I’ve been a Hayao Miyazaki fan since I first saw Spirited Away a little over ten years ago—a life time in blog-years. Poppy Hill isn’t precisely a Miyazaki film; or, rather, it is: Hayao Miyazaki worked on the screenplay, but the film was directed by his son Goro Miyazaki film. And I have to say, I can see three significant differences between Poppy Hill and previous Studio Ghibli films I’ve seen.

First, there are no fantastic elements. It’s a tale of young love in a high school in post-war Japan. The couple meet, there’s a snag, you know the drill. Meanwhile, there’s a beloved high school building that’s going to be torn down, and a bunch of hard volunteer labor cleaning it up. There’s a certain amount of goofiness, and fair amount of sweetness, and on the whole I enjoyed the heck out of it. All four of my kids, from the sixteen year-old down to the nine-year-old, were very much engaged, and my older girl’s first words after it ended were, “I want to see that again.”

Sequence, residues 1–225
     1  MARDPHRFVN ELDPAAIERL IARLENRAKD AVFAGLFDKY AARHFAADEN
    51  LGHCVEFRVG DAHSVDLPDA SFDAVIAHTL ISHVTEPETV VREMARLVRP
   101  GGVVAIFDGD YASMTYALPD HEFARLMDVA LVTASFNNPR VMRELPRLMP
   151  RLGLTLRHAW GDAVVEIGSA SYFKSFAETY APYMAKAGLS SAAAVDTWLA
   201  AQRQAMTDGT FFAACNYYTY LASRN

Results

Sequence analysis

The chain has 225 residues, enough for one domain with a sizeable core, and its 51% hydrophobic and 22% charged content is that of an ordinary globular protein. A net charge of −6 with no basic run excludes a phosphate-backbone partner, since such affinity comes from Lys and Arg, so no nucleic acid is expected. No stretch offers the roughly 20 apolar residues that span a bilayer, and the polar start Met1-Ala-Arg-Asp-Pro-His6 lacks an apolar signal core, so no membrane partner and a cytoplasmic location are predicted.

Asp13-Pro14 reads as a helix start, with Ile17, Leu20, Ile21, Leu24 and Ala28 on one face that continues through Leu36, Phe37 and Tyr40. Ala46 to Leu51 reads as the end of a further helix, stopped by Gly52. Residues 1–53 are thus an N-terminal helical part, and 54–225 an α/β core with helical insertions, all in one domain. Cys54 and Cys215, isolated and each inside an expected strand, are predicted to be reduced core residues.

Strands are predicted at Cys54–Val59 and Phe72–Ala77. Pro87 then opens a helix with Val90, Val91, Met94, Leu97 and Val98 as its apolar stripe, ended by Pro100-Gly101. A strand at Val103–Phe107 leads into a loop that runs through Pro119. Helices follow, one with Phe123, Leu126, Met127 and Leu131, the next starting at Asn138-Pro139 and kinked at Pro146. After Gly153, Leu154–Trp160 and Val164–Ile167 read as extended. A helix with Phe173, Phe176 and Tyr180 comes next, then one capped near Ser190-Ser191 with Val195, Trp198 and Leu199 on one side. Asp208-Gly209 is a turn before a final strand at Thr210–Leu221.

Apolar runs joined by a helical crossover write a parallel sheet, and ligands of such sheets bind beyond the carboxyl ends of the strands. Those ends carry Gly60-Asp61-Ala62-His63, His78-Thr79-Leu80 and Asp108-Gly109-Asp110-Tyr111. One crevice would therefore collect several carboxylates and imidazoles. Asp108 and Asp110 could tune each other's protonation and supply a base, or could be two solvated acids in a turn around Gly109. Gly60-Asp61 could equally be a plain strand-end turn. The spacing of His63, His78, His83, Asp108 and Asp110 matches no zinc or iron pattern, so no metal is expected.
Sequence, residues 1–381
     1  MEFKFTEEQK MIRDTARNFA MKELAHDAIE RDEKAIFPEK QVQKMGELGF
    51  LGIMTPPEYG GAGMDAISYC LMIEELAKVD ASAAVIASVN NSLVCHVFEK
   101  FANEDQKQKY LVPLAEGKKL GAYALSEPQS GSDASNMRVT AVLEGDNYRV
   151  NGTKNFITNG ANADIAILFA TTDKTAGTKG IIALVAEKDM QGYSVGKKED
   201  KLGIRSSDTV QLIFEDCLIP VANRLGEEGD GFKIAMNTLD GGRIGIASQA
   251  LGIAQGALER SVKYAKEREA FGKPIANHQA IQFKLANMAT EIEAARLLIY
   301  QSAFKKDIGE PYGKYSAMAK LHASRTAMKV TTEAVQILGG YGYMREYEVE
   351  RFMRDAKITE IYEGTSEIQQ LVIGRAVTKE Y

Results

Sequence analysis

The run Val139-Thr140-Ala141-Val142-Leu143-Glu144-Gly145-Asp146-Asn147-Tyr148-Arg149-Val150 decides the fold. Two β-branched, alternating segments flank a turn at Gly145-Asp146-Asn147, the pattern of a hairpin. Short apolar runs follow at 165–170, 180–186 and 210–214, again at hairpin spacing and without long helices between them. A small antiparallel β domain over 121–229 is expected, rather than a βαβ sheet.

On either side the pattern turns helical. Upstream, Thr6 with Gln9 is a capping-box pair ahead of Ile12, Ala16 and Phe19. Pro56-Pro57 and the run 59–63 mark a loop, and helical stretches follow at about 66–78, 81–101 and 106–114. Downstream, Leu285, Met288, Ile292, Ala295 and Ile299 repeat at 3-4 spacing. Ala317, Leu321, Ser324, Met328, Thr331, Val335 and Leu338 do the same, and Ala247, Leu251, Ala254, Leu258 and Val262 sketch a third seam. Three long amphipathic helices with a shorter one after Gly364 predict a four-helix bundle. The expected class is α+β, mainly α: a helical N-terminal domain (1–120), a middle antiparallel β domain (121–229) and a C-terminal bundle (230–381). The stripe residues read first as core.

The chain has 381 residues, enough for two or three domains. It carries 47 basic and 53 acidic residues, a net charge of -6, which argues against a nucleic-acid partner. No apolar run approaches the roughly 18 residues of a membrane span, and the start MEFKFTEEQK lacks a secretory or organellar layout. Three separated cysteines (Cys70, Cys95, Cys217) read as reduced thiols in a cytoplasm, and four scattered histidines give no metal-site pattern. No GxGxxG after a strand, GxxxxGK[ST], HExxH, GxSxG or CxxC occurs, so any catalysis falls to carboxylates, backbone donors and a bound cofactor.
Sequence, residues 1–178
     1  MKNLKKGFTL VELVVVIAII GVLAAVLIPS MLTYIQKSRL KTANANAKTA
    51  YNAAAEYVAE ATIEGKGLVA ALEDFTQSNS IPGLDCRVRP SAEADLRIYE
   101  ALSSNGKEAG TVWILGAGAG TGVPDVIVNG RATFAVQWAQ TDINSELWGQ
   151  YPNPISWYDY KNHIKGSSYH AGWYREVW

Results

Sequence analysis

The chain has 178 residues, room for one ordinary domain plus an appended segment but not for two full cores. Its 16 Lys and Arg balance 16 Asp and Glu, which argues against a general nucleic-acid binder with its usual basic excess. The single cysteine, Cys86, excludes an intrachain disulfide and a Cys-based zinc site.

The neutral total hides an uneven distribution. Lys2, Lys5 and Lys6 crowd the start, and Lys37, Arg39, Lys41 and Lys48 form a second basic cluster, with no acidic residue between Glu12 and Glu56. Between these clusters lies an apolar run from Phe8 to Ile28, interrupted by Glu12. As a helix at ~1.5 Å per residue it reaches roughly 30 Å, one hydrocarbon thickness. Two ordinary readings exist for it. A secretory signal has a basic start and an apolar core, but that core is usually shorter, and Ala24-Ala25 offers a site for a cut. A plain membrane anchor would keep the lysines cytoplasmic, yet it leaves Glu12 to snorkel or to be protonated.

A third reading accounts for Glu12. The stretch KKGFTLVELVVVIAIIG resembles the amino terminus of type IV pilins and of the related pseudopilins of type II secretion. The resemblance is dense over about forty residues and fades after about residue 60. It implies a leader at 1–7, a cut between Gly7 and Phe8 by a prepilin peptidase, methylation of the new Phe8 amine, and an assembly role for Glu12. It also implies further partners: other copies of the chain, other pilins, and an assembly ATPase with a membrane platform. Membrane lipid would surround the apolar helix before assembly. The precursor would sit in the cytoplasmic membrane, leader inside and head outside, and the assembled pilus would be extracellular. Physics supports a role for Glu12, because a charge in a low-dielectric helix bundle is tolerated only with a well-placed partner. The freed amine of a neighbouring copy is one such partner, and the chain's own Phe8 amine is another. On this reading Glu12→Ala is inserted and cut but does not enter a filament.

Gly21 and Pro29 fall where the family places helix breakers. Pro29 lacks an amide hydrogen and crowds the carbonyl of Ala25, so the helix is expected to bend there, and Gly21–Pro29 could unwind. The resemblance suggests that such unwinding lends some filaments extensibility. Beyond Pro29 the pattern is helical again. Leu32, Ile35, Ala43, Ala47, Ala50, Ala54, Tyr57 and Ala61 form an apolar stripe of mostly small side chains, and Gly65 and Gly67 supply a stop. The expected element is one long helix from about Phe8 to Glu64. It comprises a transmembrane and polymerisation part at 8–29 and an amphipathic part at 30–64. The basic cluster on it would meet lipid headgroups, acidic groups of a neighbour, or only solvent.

So it’s a different kind of story than Studio Ghibli usually tells, but it was well done.

Second, the characters in Miyazaki’s movies usually look Caucasian, even when the movie is clearly set in Japan. The characters in Poppy Hill are definitely from the Miyazaki playbook (Umi, the female lead, looks more or less like Nausicca/Kiki with pigtails) but the skintone is different, and the Japanese setting is emphasized.

Third, Miyazaki’s movies are known for being visually stunning. When I sit down to see one for the first time, I know I’ve got a visual treat in store. Poppy Hill, however, sets a new standard for awesome.

It’s sweet, it’s funny, it’s beautiful. Take a look.

Archie Says

Wolfe was in the office looking at television, which gives him a lot of pleasure. I have seen him turn it on as many as eight times in one evening, glare at it from one to three minutes, turn it off, and go back to his book.

— Rex Stout, The Golden Spiders